I’ve been preoccupied lately with seasons and change.
Not just weather-related seasons, but the seasons of life we go through.
We start with one identity, get comfortable with it, and things shift. We reassess. Perhaps redefine ourselves, and get used to the new normal. And things shift again. Nothing stays the same- but that’s also what makes life beautiful and exciting and everything but boring.
I took my kids to see Frozen II recently and I found the same sentiments echoed throughout the movie. Everything from Olaf waxing poetic: “And yet change mocks us with her beauty” to Lt. Mattias talking to Anna: “Be prepared. Just when you think you found your way, life will throw you onto a new path.”
When I first had kids, my entire world took a hard left.
I don’t mean that in a bad way- but the change was sudden and dramatic. You can’t ease into motherhood. Becoming a mother was my most fierce and raw and beautiful transformation. It opened my eyes to a whole different level of life. Depths of love and compassion and forgiveness- and I don’t mean in just giving, but in receiving as well.
And in this change, I started to lose sight of myself. I tried my best to be everything to everyone but maybe I lost myself along the way. In this mess, I started my photography business and it was like a lifeline for my identity. A place I could be more than Mom. During those “in the trenches” years of babies and toddlers, where you survive on coffee and baby cuddles, I carved out a space where I could also be Jen, coexisting with Mom.
My babies grew into kids, and I like to think I taught them about following your dreams, about dedication and hard work through this self-employed adventure.
Last year, my last baby started kindergarten, and my first baby started fifth grade. I was so excited- I had been spending so much time listening to business podcasts and reading business books- it was time to kick it to the next level. It was time to start working my way to full time. I was ready to be a “real” entrepreneur, not just run a part time side hustle.
(can you sense the change brewing?)
Is busier better?
Business grew. But so did life. Something I didn’t consider- the kids got busier. I found myself missing their events because I was always working.
Wait– this isn’t what I signed up for. I left a full time job to raise kids because I didn’t want to miss anything. I know many people who thrive on being on-the-go, but I am not one of them. I began to crave cancelled plans, and I felt crushed under the weight of my schedule.
So I changed priorities. I worked more, but at different hours, and I began running myself into the ground. I was absolutely convinced that there was a way to have it all. I can be super mom- the primary parent, the caretaker of the home, the volunteer and support. I can be a super business owner, crushing it with a booked schedule, joining all the networking groups and fostering connections, delivering a high quality product on a quick turn around. I can also be good to myself- working out, eating right, getting enough sleep.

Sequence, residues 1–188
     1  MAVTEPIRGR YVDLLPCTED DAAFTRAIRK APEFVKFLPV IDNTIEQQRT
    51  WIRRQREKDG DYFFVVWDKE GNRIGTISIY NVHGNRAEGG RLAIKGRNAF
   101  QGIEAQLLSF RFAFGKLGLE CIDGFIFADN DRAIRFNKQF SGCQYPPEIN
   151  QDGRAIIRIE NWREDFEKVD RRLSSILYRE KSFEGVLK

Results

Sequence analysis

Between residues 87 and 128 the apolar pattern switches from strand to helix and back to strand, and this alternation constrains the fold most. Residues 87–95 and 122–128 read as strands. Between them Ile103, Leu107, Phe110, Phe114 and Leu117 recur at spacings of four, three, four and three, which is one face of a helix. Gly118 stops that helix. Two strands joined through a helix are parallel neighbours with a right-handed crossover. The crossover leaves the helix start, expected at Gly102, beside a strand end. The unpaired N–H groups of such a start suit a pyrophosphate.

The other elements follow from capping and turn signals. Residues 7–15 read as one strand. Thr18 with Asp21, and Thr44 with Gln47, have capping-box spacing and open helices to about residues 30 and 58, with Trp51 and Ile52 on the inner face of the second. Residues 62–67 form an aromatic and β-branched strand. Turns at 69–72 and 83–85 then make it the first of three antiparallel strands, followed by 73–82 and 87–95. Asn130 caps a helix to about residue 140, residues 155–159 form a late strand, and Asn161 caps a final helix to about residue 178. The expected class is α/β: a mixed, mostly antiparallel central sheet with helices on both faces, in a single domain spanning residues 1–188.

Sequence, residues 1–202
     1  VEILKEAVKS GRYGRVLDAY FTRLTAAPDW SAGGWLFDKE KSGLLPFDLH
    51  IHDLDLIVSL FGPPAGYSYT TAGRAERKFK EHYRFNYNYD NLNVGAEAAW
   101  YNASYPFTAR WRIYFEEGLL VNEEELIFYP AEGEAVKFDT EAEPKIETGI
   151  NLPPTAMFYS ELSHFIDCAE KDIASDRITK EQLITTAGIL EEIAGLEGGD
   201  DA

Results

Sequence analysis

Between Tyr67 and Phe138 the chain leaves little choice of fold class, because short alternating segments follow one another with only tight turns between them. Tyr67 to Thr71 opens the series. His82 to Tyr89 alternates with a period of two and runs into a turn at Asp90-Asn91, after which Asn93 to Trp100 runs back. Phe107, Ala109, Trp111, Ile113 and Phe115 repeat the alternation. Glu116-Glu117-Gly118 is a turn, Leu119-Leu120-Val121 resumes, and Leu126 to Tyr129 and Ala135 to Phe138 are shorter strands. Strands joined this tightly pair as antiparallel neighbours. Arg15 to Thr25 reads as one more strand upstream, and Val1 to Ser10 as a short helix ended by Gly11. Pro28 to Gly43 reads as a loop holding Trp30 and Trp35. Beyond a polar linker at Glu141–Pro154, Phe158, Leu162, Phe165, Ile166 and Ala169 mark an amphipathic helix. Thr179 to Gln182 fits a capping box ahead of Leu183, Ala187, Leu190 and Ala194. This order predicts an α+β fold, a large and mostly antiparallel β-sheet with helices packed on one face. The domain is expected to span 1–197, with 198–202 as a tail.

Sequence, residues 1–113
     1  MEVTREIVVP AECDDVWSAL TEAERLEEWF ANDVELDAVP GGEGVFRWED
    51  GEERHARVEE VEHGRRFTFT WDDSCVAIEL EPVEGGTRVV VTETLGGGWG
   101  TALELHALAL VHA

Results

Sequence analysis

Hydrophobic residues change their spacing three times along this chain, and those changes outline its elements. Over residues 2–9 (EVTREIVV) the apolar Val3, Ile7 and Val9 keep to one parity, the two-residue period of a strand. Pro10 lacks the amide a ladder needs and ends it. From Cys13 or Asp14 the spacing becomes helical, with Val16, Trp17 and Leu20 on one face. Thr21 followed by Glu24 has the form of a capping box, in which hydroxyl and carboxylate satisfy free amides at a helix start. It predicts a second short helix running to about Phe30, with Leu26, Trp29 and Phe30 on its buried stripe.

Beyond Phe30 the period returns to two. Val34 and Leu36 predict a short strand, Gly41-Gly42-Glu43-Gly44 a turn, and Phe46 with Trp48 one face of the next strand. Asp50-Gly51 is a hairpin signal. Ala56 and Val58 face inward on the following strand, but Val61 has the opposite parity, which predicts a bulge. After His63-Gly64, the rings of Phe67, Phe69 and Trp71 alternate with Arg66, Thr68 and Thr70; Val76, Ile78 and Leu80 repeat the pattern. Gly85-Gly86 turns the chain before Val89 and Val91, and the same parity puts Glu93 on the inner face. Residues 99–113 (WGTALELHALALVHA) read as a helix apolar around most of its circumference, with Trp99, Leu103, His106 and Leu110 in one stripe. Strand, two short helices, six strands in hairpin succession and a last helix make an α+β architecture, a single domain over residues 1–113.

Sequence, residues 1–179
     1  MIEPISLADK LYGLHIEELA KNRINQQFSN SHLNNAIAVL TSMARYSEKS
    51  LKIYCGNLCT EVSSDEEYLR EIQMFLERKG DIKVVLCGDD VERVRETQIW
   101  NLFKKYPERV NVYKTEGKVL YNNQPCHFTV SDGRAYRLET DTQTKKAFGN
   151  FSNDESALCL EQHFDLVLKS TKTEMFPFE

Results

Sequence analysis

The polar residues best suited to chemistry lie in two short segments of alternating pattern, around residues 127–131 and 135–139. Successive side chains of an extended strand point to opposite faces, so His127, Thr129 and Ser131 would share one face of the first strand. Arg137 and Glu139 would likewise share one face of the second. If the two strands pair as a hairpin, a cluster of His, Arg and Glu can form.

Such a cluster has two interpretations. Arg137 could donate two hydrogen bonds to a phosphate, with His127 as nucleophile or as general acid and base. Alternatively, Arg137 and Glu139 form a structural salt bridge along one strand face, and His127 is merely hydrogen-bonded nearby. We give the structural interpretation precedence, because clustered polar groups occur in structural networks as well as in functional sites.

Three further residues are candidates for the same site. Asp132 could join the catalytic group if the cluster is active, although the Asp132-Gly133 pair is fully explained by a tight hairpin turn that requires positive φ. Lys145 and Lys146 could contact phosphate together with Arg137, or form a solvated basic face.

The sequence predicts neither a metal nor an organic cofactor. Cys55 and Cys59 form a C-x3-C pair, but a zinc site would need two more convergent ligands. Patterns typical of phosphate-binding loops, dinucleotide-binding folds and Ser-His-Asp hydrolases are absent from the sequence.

Except I learned I can’t do all of those things at the same time.
My anxiety levels increased along with my schedule commitments. But I kept studying and growing my business because that is what you are supposed to do. Scale, scale, scale. After all, it was working, and that means success, right?
At this point I took up yoga to deal with my anxiety and it was a breath of fresh air. A place of stillness. A place to stop running from my thoughts or drowning in them- a place of acceptance and peace. I decided to take up mediation but couldn’t fit it in my schedule. I took up time blocking to deal with that and dutifully booked out every waking moment in an attempt to still have it all.
I began to resent my calendar. I desperately kept wishing I could slow down, but never acknowledged it was my choices that kept me from doing so. This is what success looks like, right?
Minimalism and The Slow Life
Yoga and meditation led me to embrace a more minimalistic mindset. Decluttering my life also declutters my brain. And I gradually switched my podcasts from “scaling up” business ones to “scaling down” minimalism ones. I heard a quote that stopped me in my tracks. And while I can’t remember the exact phrasing it boils down to- when is it enough?
This business was my lifeline 10 years ago, even 5 years ago. It helped me maintain an identity. But now it’s no longer serving me. Instead, I’ve ended up living to serve it.
As my kids get older, I’m painfully aware how little time I have with them at home. How fleeting childhood really is. I desperately want to live the slow life- a more thoughtful, deliberate pace. And I know I can’t have it all. Choices must be made, and that means giving something up.
To that end, I am closing my photography business. My last clients will be booked December, 2019.
A bittersweet change
Is this forever? Probably not. I’m going to still maintain my blog. I love to write. I’m going to still pursue personal photography projects. But I’m stepping out of the entrepreneur mindset, making the choice to walk away from scaling up, and understanding that the traditional form of success isn’t for me.
If you’ve booked a long-term contract with me that extends into 2020 and beyond, have no fear. I will still be working with you until your contract expires. However, I won’t be taking on any new clients for the time being.
I will still be blogging all the sessions I’ve photographed in the past year that never made it to my blog. I promised you a spotlight, and you will get it. I will still be blogging reflections and stories on motherhood. I will still be featuring local businesses on my blog.
While it served me well for many years, I no longer need a business to help maintain an identity. At this season in my life, I can make space in my life for rest and play and stillness. It’s enough.